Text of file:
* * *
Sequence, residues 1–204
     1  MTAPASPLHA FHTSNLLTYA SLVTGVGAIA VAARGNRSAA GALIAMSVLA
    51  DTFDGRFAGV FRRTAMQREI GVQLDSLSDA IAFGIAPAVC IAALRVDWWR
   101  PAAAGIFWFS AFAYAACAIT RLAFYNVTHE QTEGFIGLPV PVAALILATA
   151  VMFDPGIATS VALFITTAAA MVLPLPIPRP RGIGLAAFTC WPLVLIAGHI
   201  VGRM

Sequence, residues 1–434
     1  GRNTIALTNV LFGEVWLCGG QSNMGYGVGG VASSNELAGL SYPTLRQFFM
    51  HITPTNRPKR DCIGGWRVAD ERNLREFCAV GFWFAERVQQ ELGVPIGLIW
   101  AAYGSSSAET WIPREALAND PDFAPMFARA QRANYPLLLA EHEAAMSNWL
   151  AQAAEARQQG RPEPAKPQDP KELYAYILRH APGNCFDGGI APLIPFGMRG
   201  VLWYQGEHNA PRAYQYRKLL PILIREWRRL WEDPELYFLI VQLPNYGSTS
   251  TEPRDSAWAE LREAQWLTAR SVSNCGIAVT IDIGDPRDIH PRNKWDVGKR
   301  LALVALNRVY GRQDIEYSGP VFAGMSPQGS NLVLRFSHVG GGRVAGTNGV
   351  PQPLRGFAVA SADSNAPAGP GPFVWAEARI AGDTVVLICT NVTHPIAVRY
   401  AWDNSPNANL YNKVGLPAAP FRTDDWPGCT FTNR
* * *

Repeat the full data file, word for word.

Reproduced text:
Sequence, residues 1–204
     1  MTAPASPLHA FHTSNLLTYA SLVTGVGAIA VAARGNRSAA GALIAMSVLA
    51  DTFDGRFAGV FRRTAMQREI GVQLDSLSDA IAFGIAPAVC IAALRVDWWR
   101  PAAAGIFWFS AFAYAACAIT RLAFYNVTHE QTEGFIGLPV PVAALILATA
   151  VMFDPGIATS VALFITTAAA MVLPLPIPRP RGIGLAAFTC WPLVLIAGHI
   201  VGRM

Sequence, residues 1–434
     1  GRNTIALTNV LFGEVWLCGG QSNMGYGVGG VASSNELAGL SYPTLRQFFM
    51  HITPTNRPKR DCIGGWRVAD ERNLREFCAV GFWFAERVQQ ELGVPIGLIW
   101  AAYGSSSAET WIPREALAND PDFAPMFARA QRANYPLLLA EHEAAMSNWL
   151  AQAAEARQQG RPEPAKPQDP KELYAYILRH APGNCFDGGI APLIPFGMRG
   201  VLWYQGEHNA PRAYQYRKLL PILIREWRRL WEDPELYFLI VQLPNYGSTS
   251  TEPRDSAWAE LREAQWLTAR SVSNCGIAVT IDIGDPRDIH PRNKWDVGKR
   301  LALVALNRVY GRQDIEYSGP VFAGMSPQGS NLVLRFSHVG GGRVAGTNGV
   351  PQPLRGFAVA SADSNAPAGP GPFVWAEARI AGDTVVLICT NVTHPIAVRY
   401  AWDNSPNANL YNKVGLPAAP FRTDDWPGCT FTNR